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Tuesday, April 19, 2011
Exeter sees improvements at the Smith Index Tag Factory
The historic tag factory in downtown Exeter has recently received some maintenance attention.
Owners, Seth and Robin Jones, of San Diego, spent a week in Exeter recently making major repairs to the roof and structure of the building and giving the visible front a mini facelift. They purchased the building about three years ago, sight unseen.
This winter the building had a roof cave in that damaged all four floors of the building. The Jones’, along with Seth parents, Howard and Kathy Jones of Oregon, spent a week hauling trash out of the building starting in the basement.
After the broken plaster, old beams and metal were pulled from the building they started in the basement rebuilding the ceiling structure, working their way back up to replacing the roof trusses and supports.
After the majority of those repairs were made the group brightened up the front of the building repainting the windows and covering some broken windows with steel sheeting to protect the interior of the building and prevent more glass breakage.
The Jones’ have an online business selling old car parts and have some of the parts housed in the building but hope to use the central location for more storage.
“We would love ideas from the locals on what kind of facilities are needed in the area,” said Seth Jones. “We would like to close off the front of the building to use for some sort of retail space. We would build to suit if the interest was there.”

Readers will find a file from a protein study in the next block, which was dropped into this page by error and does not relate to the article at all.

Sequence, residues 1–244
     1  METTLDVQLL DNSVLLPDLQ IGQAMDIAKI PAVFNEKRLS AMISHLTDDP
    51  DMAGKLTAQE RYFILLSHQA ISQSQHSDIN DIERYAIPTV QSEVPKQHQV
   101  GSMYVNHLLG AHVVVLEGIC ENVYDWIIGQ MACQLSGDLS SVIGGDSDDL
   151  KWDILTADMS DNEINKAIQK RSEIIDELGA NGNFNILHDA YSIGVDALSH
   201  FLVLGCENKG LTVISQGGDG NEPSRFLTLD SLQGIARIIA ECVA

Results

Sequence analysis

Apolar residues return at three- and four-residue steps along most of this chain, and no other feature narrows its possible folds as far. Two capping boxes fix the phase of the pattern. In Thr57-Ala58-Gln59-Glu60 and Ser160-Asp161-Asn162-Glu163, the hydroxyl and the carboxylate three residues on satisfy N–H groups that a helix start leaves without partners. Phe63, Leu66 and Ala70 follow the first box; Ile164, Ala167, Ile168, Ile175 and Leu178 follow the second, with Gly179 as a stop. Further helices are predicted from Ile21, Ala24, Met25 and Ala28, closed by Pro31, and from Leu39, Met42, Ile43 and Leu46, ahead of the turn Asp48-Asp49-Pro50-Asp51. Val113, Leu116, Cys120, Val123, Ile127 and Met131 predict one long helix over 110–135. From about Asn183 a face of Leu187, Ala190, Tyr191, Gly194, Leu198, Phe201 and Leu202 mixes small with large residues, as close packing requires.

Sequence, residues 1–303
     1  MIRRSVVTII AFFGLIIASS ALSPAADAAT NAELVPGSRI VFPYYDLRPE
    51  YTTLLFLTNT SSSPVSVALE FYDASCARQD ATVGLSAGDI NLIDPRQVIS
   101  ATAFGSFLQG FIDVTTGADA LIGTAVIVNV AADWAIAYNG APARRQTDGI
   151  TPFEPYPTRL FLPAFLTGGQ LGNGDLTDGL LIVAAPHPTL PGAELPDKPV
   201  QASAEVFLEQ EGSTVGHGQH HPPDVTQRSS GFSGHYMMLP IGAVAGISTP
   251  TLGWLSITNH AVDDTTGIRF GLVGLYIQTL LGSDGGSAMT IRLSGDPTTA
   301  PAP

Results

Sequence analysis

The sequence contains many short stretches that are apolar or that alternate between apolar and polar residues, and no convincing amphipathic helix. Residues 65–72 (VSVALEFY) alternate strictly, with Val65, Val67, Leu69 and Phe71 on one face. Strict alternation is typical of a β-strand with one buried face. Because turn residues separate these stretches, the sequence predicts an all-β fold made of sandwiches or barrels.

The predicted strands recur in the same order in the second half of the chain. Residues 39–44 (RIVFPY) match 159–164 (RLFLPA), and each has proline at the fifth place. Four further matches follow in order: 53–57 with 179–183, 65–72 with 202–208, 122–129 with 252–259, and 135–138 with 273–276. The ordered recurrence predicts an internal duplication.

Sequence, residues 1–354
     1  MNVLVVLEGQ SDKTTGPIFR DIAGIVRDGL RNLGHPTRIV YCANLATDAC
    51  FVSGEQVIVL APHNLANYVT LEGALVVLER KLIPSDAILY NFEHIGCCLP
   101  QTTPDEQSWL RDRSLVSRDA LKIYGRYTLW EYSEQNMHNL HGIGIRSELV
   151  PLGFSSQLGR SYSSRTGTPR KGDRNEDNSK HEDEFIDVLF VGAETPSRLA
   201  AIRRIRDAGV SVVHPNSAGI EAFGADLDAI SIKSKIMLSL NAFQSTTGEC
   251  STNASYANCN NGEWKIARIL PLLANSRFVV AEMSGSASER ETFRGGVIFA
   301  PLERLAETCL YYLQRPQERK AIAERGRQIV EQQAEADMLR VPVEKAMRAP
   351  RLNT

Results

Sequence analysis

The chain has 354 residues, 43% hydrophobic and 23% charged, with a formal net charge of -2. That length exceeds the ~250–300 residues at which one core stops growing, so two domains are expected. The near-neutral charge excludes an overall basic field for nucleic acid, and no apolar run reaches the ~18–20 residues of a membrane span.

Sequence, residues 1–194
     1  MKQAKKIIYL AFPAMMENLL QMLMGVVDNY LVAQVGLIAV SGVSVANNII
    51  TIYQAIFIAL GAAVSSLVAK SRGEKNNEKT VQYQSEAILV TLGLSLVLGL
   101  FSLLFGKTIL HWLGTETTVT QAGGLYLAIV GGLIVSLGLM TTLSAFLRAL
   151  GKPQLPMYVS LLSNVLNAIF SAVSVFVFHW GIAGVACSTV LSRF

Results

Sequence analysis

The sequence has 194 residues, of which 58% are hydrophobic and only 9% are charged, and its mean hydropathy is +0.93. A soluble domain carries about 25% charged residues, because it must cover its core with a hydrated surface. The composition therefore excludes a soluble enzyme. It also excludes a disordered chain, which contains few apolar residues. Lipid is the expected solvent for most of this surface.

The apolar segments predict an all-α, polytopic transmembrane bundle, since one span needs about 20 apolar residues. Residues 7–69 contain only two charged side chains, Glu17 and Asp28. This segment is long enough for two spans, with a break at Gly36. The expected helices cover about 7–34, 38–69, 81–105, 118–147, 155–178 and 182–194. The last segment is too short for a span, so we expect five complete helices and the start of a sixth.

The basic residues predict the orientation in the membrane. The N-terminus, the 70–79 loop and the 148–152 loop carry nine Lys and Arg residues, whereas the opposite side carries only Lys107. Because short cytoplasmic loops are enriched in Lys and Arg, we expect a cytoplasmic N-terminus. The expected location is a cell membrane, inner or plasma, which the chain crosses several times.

In addition to more cleaning in the building the Jones’ hope to remove the front brick corner that was added on to the building bringing it back to it’s original charm.
They plan on reserving a section of the building for a small museum about the tag factory that was housed in the building from 1884 to 1962. Many historical items were removed from the building and given to the Fillmore County Historical Society with the condition that if the building were ever restored the relevant items would be returned upon request.
Still evident in the building were many production items from the tag factory, old records and files, as well as the two walk in safes, located on different floors. In the unlit basement the old air compressor with very large pulleys still sits in its location just in front of an old tunnel that hasn’t been explored in years.
Local historian and member of the Fillmore County Historical Society Shirley Trauger visited with the Jones’ during their stay in Exeter and was thrilled with their ownership, “I hope to see the building restored as much as possible and open to the public. It was the world’s first index tag factory - we should be proud of that and show it off,” said Trauger.
The younger Jones’ travel all over the country with their parts business but spend the majority of their time in San Diego where they own and operate an environmental consulting business.
Currently the tag factory is not on the Historical Registry and the Jones’ have contemplated that option, but are concerned about restrictions that would be placed on any changes they might want to make to the building along with the costs of restoration.